I hope Rev. Forrest Church, author of the forthcoming So Help Me God: Presidential Faith and Religious Politics in the Early Republic ... , will find a new title to his book, because none of the Founding Fathers, who were elected President, are known to have used the words, "So help me God," when they were inaugurated.When Forrest Church's book was finally published, the title did change, but the So-help-me-God part stayed the same, and, for good measure, I found out that Church included an Appendix in his book with the subtitle Did George Washington say "So help me God"? Needless to say, given the title of his book, Church defends the tradition where Washington is thought of having added a "sacred codicil" to his presidential oath.
I ordered the book, read the book, listened to several promotional interviews, and engaged Forrest Church in a discussion regarding what actually took place during Washington's first inauguration, which the author considers to be something of a minor skirmish in The First Great Battle Over Church and State. (You can find a published edition of Church's book here.) Several interesting promotional interviews are available. My selection for the best one was broadcast on The Tavis Smiley Show. Here's a snippet:
Tavis: . . . Tell me about this title, "So Help Me, God." We hear that phrase all the time. Why it as the title of the text?
Church: Well, in the oath of office, the inaugural oath of office that's set in the Constitution, it's a purely secular oath. And when George Washington was inaugurated the first time, when he got done with the oath as it was presented to him, he added the words "so help me, God."
Church: Impromptu, although I think he was scripted by his managers at that point. But that has become part of the presidential - it's a mantra.
I recently happened across an online article, Defining the moving line between church and state, March 9, 2008, by Howard Barnes (a professor of history at Winston-Salem State University) in the Winston-Salem Journal that summarized Forrest Church's book. I sent Professor Barnes an e-mail because his article had repeated Church's position regarding Washington having said "So help me God." Howard Barnes told me that he appreciated the information I had sent, and wished he had this information when he had written his article. He went on to indicate that he "wouldn't mind" if I added my "correction" as a Comment. I jumped at the opportunity, only to find out that the comment window was limited to 3,000 characters. (For best results, the reader should, at least, skim through Church's Appendix before continuing.) After much cutting back here's the final result:
Posted by (raySoller) on June 6, 2008I just can't understand why Forrest Church chose to start the title of his book with an uncertainty. I couldn't understand why he did this when I first read the Christian Science Monitor article by Jeffrey MacDonald, and I can't do any better today.
In reviewing Forrest Church's book Professor Barnes writes:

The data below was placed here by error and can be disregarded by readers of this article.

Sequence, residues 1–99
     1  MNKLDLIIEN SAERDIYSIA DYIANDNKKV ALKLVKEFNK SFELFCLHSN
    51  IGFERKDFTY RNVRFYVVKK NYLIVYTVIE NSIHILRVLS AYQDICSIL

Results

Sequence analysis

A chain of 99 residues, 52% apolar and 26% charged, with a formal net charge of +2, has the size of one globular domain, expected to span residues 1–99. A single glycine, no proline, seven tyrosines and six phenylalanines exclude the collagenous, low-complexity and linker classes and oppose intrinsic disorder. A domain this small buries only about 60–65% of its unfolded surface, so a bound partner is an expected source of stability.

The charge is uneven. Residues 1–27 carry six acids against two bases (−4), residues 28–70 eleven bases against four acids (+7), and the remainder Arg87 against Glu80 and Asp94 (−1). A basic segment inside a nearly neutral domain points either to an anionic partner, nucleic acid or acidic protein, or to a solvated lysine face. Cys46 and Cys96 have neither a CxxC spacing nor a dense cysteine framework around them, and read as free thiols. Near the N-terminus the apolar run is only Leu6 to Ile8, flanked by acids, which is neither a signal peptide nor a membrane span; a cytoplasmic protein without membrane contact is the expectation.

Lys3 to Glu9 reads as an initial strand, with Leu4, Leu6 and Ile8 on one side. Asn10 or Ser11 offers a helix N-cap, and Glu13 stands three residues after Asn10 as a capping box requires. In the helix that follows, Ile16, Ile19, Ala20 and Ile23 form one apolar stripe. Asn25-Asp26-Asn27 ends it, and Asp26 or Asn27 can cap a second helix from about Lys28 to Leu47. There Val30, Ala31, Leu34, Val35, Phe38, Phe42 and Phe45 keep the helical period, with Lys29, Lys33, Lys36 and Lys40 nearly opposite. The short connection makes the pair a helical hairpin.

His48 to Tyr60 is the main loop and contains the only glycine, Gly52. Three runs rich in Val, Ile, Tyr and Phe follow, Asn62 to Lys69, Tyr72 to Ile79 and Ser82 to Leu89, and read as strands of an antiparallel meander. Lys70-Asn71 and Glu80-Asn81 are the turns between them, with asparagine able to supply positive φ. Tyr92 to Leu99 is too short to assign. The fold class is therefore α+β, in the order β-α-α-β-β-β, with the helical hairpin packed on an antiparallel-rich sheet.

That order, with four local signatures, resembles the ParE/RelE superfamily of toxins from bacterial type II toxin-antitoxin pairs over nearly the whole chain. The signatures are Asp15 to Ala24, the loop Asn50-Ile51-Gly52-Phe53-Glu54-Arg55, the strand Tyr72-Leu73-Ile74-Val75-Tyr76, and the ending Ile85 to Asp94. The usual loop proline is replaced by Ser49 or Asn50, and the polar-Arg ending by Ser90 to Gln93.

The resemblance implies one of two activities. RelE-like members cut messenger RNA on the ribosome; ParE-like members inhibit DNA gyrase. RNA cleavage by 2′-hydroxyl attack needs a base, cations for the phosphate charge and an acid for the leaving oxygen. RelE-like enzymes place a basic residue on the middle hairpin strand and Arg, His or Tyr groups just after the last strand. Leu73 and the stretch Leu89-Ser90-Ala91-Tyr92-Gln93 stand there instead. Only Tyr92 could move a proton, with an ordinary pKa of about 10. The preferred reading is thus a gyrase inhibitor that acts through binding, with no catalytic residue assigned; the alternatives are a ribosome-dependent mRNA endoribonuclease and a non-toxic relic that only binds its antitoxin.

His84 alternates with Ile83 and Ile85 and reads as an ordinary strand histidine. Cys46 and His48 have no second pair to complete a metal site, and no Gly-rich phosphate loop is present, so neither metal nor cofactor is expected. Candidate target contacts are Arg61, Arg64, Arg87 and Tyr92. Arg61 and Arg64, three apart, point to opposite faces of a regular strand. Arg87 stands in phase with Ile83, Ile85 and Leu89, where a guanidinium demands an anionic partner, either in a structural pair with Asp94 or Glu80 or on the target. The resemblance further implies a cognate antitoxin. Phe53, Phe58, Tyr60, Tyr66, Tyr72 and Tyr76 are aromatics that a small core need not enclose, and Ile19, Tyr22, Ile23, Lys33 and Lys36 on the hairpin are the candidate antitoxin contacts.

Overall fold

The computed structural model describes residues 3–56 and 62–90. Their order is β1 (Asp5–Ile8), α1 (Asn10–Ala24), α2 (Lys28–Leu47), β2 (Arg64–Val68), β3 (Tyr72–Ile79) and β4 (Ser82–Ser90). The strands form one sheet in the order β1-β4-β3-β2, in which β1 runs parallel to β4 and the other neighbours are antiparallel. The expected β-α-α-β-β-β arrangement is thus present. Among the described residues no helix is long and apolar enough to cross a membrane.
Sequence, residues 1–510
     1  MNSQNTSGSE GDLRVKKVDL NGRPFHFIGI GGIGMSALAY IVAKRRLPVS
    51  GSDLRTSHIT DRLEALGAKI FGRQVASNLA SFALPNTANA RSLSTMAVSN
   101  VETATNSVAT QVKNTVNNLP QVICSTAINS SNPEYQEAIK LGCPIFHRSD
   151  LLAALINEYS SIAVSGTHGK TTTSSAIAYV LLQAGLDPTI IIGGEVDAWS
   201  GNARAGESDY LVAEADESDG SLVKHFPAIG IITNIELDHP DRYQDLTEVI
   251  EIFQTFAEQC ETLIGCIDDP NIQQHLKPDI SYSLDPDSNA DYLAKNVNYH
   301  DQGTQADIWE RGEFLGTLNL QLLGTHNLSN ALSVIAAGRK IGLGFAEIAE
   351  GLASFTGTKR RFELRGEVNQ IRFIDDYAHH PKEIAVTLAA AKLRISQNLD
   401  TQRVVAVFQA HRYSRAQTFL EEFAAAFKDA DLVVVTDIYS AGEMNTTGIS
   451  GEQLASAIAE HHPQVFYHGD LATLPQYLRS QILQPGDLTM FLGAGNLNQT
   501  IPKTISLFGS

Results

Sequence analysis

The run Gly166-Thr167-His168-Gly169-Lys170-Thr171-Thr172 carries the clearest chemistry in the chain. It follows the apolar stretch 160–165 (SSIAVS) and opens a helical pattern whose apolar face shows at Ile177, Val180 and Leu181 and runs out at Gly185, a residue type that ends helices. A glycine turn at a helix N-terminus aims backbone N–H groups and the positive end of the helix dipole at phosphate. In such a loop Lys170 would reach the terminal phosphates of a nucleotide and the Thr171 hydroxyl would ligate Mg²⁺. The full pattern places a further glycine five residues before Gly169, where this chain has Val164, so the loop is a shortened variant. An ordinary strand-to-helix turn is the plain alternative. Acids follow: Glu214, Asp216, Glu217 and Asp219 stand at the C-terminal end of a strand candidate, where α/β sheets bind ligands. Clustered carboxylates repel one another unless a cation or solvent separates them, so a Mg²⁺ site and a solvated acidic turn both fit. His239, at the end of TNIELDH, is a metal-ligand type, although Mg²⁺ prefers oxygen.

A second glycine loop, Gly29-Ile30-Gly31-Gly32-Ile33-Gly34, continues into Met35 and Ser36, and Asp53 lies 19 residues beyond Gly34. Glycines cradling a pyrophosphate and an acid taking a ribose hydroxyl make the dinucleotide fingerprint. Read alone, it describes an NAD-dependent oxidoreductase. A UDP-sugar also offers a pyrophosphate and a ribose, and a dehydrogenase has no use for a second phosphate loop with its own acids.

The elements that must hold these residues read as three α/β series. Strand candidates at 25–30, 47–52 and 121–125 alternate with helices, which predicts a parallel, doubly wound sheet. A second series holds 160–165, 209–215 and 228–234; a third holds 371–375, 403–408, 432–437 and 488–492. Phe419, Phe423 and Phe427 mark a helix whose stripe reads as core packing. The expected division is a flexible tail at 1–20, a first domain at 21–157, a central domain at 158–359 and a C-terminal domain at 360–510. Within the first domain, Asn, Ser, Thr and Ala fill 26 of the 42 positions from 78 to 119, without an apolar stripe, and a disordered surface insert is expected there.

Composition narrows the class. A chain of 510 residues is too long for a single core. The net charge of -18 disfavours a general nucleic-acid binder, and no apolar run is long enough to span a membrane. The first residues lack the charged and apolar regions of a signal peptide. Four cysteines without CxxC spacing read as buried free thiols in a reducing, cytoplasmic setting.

According to several eyewitnesses (which the author affirms to be reliable), Washington not only ended his first inauguration ceremony with an oath on a borrowed Bible, but also added "so help me God" and bent down and reverently kissed the Bible.
Please note, two different issues are at stake. The first is whether Washington kissed the Bible, and the second is whether Washington added "So help me God."
There are four known firsthand accounts for Washington having kissed the Bible, but there are no known firsthand accounts saying that Washington added "So help me God" to his oath. Consequently, the first issue is not in doubt.
However, when it comes to the Appendix, where Forrest Church defends the notion that Washington added a sacred codicil to his oath, this is a very different matter. First off, Washington Irving was not the first person who claimed that Washington said "So help me God." This notion made its debut in 1854 when Rufus W. Griswold wrote his book, Republican Court. Many feel that Griswold used Washington Irving as his source, but that hardly matters, since Irving is not a reliable source.
According to Griswold, Washington Irving (age six) was not in a position to have reliably seen or heard what took place on the balcony some 200 feet away. Regardless, this didn't stop Griswold from saying that Washington had his "eyes closed" when he swore his oath, and it didn't stop Irving from having to refresh his "memory" by plagiarizing from the Memoirs of Eliza S. Morton Quincy.
Another problem relates to Church's misleading description of the oath that was approved for federal employees. There is no record that the God acknowledgements in the ad hoc House oath of April 6, 1789 were ever treated as part of the formal oath that was signed into law. In fact, from April 23rd, the day Washington arrived in New York, through to May 22nd, the date Congress submitted the bill to the President, there was no mention of any congressional disagreement when it came to the wording of the oath.
Of all the problems in Church's Appendix the most serious one stems from a bad case of mistaken identity. The "David Humphreys" of the Pennsylvania Mercury article has absolutely no connection to Washington's principal aide. He is actually Daniel Humphreys the newspaper editor, and the article is only a snippet selected from a very lengthy letter to the editor, Mr. Humphreys, that was serialized for nearly a month. Finally, on May 9th it is signed by Apocalypsophilos.
Forrest Church has acknowledged his error by saying, "I needn't have included that piece to begin with, and it doesn't change my sense that Washington is more likely than not to have said "So help me God" when he was inaugurated, though you will note that I nowhere claim that we can be certain about this." My response is, "Why does one prefix a title with an uncertainty?"